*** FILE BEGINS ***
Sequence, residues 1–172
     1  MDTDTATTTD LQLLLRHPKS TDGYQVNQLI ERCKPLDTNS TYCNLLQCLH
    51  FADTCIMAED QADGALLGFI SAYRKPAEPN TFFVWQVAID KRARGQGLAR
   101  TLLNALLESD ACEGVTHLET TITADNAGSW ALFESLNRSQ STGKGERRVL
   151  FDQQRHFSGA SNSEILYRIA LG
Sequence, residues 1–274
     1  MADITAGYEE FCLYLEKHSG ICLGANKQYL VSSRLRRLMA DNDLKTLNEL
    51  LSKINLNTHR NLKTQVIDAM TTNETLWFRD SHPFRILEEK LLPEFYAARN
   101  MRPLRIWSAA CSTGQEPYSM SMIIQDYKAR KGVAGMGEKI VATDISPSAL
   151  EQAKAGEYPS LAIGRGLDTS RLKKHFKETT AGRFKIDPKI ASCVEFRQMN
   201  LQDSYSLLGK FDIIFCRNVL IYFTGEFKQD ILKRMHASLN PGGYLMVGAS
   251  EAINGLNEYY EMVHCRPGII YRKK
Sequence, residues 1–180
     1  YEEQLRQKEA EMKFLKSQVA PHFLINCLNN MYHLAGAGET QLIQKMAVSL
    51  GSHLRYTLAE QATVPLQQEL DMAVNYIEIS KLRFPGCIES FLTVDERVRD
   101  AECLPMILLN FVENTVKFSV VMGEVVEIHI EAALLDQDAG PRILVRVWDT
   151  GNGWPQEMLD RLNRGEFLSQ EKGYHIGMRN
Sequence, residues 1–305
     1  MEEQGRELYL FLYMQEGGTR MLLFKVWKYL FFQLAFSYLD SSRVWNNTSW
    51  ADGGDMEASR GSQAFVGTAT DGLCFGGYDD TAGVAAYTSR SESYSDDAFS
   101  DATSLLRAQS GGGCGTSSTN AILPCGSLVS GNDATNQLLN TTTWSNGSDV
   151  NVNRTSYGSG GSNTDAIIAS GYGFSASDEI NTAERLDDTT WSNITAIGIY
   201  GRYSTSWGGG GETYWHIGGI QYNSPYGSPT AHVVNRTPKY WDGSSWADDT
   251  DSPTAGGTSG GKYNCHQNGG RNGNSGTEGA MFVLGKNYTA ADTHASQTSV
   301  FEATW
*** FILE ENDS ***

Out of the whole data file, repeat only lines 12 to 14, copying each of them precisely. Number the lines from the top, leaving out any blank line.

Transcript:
   251  EAINGLNEYY EMVHCRPGII YRKK
Sequence, residues 1–180
     1  YEEQLRQKEA EMKFLKSQVA PHFLINCLNN MYHLAGAGET QLIQKMAVSL